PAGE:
If you own a Samsung Smart TV, you can access Netflix, Hulu Plus and other useful apps right from your television. If you don't own one, though, you could invest in Samsung's upcoming Smart Media Player. This set-top box will essentially turn any brand of TV into a Samsung Smart TV — if you don't mind its high $150 price tag.
If you own a smart TV or a video game console, set-top boxes might not be on your radar, but they can be a cheap way for people without those devices to access streaming video from their TVs. A number of devices exist to fill this space, including Roku, Apple TV and Chromecast.
The Smart Media Player, which will launch on Oct. 23, is a small, rectangular box that will use the same software as a Samsung Smart TV. In addition to watching TV (and accessing basic program guides), you can also stream movies and TV from the Samsung Media Hub. If you want to view your own photos and TV from a computer or mobile device, you can download an app and stream your content to the big screen.
Cable subscribers can also integrate your existing service with the Smart Media Player, without any tedious input-switching — provided that your cable company supports CableCARD technology. Keep in mind, though, that not every cable provider offers this technology, or allows users to provide their own cable boxes.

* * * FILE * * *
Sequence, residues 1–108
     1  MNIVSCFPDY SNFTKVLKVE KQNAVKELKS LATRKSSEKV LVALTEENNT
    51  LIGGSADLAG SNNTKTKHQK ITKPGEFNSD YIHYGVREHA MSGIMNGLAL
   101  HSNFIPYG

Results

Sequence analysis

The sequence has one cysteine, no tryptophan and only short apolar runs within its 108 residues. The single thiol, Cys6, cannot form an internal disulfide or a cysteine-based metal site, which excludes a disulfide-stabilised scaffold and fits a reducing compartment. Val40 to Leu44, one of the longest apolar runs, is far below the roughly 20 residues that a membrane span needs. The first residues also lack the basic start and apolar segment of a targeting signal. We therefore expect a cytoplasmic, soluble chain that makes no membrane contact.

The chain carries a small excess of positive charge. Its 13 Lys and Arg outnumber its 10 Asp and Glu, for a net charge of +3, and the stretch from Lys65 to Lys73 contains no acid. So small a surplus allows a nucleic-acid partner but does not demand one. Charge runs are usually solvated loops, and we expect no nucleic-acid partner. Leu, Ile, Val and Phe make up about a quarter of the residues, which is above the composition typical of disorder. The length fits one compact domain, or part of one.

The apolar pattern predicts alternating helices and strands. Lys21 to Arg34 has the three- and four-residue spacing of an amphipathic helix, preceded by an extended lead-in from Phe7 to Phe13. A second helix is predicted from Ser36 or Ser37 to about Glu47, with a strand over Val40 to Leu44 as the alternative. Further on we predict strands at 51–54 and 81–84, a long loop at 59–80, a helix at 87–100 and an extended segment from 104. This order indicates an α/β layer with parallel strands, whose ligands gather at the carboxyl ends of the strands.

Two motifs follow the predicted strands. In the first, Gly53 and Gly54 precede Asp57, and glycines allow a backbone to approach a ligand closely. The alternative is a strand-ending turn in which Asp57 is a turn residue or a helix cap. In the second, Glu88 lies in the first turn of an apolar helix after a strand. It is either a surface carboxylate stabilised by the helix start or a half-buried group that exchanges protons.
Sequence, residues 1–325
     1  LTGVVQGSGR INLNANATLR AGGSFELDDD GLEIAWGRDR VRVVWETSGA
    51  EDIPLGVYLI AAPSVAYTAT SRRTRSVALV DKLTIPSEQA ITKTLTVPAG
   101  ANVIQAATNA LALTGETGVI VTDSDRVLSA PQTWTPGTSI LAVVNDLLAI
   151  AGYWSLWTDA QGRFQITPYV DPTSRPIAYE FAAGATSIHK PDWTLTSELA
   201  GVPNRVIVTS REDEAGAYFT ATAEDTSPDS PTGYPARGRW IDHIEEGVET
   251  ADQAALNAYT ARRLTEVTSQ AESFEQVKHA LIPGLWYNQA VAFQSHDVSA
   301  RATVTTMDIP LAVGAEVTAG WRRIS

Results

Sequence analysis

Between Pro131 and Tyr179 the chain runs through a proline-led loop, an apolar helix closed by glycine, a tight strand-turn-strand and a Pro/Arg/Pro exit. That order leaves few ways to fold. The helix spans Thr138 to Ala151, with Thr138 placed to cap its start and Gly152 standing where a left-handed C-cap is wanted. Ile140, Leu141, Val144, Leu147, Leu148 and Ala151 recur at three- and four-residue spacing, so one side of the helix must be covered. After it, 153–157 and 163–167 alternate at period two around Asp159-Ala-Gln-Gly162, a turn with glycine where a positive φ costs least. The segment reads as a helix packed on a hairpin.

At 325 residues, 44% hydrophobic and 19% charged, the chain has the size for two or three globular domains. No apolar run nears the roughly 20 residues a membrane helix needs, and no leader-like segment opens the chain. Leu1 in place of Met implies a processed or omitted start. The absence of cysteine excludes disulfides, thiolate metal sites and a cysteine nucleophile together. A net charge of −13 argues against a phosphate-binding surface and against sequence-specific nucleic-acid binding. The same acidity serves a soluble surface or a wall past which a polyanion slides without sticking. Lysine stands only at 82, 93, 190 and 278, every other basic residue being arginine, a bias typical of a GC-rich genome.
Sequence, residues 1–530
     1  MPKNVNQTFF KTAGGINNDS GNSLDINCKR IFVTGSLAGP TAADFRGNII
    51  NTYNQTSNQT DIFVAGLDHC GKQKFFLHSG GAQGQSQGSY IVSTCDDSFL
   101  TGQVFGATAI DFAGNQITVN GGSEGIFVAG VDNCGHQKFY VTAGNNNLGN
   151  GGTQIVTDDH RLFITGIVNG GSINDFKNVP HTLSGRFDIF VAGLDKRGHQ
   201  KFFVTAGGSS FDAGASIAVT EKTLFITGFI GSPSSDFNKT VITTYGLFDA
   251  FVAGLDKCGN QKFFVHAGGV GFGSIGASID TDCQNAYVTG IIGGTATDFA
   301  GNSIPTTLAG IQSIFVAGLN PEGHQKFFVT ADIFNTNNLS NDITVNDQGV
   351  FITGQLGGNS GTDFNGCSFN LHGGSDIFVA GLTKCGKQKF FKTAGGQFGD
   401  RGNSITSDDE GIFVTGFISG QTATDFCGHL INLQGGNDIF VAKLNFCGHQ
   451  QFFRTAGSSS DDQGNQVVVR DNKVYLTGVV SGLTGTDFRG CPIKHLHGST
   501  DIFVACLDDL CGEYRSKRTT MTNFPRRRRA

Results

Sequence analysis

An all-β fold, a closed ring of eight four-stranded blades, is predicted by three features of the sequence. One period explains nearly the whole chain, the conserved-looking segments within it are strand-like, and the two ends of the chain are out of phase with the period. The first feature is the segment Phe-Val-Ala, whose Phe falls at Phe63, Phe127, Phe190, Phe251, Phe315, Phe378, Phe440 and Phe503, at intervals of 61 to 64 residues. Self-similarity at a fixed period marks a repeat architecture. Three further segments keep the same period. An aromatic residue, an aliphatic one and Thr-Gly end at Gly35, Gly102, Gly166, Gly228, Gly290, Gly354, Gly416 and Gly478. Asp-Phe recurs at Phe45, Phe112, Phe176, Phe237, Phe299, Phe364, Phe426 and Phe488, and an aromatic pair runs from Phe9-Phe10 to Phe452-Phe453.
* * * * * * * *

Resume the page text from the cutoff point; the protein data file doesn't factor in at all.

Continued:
The real draw of the smart-TV software is its ability to run apps. In addition to browsing the Internet, a Samsung Smart TV can run video apps like Netflix, Hulu Plus and HBO Go. Whether you want to listen to Pandora or share your latest thoughts on Twitter, you can jump online right from your TV.
Since Samsung already has TV interface software, making its own set-top box seems like a fairly logical next step. Its price might prove to be a sticking point, however: The device will retail for $149.99. Compare this to similar devices: A basic Roku box costs $50, while an Apple TV will set you back $100. A Chromecast is only $35.
Another slight hitch is that consumers generally find Samsung's smart-TV interface to be usable but imperfect. The Web browser is slow and doesn't support applications like Flash. The interface itself lacks the snappy response of an Apple TV or the simplicity of a Chromecast.
Still, competition in a growing market is never a bad thing. If the Smart Media Player sounds like it's up your alley, just be sure to do your research first to ensure that a cheaper device wouldn't meet your needs just as well.